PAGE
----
The Last Page: Preaching
By James T. Bradford
In her book, When God is Silent, celebrated preacher and author Barbara Brown Taylor describes a rather awkward family conversation: “My sister Kate, who — like me — did not grow up in the church, began attending one after her son Will was born. Trying to downplay my delight but eager to talk to her about it, I asked her one day which service they attended. ‘Neither one,’ she said. ‘We just go to Sunday School and then we go home.’ When I asked her why, she told me how they had gone to church at first, and how she had sat there Sunday after Sunday listening to the preacher vent his spleen at God’s enemy of the week — alcohol, the lottery … Santa Claus — until she felt as if she had been beaten with a stick. ‘One day,’ she said, ‘I stood up in the middle of the sermon, put my hands over Will’s ears, and led him out of the church. Now we just go to Sunday School, and we’re all a lot happier.’ ”
A lot is at stake when we preach. People’s eternal destinies are in the balance. Our task as preachers is to holistically exegete both the text and our audience. In doing so there is certainly room for prophetic, anti-sin preaching. But for preaching to be life giving and life transforming, it needs to do better than leave people either beat up or off the hook.
What was the apostle Paul’s take on effective preaching? “For I resolved to know nothing while I was with you except Jesus Christ and him crucified. … so that your faith might not rest on human wisdom, but on God’s power” (1 Corinthians 2:2,5). Paul was probably not the most gifted of public speakers, a fact his critics seemed all too eager to point out. But he contended that preaching centered in “Jesus Christ and him crucified” sets people up for an encounter with the living God himself.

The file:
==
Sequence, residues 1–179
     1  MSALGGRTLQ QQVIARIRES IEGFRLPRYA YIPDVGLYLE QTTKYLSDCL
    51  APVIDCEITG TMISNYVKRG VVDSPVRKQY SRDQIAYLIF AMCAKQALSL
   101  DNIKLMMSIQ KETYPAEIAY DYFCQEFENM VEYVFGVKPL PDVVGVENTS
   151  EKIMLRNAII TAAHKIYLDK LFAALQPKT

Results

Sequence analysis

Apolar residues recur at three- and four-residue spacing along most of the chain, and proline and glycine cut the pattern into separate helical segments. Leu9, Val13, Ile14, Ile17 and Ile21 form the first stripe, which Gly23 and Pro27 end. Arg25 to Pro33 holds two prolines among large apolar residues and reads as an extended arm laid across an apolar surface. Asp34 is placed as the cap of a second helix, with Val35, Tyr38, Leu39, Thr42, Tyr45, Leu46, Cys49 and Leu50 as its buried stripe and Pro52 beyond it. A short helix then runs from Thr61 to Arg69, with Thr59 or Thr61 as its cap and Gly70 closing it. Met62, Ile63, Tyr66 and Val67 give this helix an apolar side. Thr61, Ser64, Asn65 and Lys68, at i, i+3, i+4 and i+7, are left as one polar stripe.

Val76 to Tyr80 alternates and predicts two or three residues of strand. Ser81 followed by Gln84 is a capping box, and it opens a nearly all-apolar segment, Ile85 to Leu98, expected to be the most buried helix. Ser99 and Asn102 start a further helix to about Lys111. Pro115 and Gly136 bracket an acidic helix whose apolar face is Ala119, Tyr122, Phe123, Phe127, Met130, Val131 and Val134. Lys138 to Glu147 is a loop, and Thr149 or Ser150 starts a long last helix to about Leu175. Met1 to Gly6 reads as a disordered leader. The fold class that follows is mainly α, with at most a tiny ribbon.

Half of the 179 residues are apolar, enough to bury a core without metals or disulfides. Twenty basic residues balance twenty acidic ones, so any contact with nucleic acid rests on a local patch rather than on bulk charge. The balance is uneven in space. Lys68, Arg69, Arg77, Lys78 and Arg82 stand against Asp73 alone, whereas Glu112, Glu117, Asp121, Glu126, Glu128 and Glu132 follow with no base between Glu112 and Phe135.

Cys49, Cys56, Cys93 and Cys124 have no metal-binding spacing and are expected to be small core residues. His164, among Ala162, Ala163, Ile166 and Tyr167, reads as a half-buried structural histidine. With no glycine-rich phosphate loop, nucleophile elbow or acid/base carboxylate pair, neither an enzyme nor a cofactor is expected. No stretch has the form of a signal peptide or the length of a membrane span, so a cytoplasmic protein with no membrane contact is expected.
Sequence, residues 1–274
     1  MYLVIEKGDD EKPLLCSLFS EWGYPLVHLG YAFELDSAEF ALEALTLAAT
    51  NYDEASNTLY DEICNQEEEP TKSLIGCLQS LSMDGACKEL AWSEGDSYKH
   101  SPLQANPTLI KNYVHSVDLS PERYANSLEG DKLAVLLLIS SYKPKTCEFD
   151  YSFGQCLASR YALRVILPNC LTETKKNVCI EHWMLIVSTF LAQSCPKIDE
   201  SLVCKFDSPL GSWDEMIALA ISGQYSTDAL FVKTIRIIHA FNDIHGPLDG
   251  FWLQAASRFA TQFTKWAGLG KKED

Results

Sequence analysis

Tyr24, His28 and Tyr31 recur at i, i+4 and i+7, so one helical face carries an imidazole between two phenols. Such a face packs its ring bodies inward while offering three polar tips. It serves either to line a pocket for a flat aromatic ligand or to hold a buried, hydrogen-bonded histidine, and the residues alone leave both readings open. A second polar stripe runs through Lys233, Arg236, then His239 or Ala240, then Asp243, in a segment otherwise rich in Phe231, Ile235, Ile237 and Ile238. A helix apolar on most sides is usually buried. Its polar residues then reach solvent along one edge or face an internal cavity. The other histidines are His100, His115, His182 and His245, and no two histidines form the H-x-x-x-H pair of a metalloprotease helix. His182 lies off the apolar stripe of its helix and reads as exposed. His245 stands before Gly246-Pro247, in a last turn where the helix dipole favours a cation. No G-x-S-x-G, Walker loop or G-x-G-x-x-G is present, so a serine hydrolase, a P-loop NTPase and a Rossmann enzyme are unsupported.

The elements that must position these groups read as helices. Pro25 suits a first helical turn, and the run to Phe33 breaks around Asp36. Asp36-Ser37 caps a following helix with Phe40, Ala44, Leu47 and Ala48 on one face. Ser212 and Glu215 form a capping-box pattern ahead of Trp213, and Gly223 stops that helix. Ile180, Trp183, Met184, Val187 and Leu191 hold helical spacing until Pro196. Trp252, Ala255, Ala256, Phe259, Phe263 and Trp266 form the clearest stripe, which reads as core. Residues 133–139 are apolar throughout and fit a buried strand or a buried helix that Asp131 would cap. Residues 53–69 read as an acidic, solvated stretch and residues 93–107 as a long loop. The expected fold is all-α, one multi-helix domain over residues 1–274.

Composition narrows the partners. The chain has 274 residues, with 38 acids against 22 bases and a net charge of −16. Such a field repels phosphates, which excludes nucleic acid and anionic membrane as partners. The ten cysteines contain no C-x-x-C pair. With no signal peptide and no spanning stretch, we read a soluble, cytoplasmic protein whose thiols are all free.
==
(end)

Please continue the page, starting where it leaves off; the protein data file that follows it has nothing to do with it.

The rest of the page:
It starts with “Jesus Christ” — who He is, His kingdom rule, and who we are in Him. Winston Churchill possessed a vision of the glory of the British Empire. By the outset of World War II, however, the British people shared no such visions of grandeur. They were discouraged, demoralized, and desperately unprepared to fight. Yet Churchill’s courageous leadership and soaring rhetoric lifted the British people to prevail over seemingly insurmountable odds.
How did he do it? According to Oxford philosopher Isaiah Berlin, Churchill idealized the English people “with such intensity that in the end they … began to see themselves as he saw them.” In so doing, he “transformed cowards into brave men.” This is the preaching task.
We proclaim a kingdom whose King, the Christ, is supreme. In Him we are citizens of the age to come, no longer of this world. As people begin to see themselves as Christ sees them, cowards turn into brave men.
But the story does not end there. Evil is real, sin is powerful, and habits are stubborn. Some things need to die in our lives before freedom can come. It is therefore “Jesus Christ and him crucified.” Whether the subject du jour is tithing, sexual purity, prayer, marriage, obedience, or the Great Commission, the King along with His cross is where Spirit-encountering preaching ultimately needs to take us.
Early in my preaching life I felt such pressure to be relevant that I started focusing primarily on applied principles and self-help human performance. In the process I lost track of the gospel itself. One day I sensed the Holy Spirit convicting me that I had preached for months without mentioning Christ’s cross — even once. Yet it is “Christ crucified” that sources the Resurrection wellspring of lasting life change, not my talent as a communicator.
May the Lord help us minister His Word in life-giving dimensions. Let us preach with excellence and yet not miss the simplicity of Jesus, the humiliation of the Cross, and the “demonstration of the Spirit’s power, so that your faith might not rest on human wisdom, but on God’s power” (1 Corinthians 2:4,5).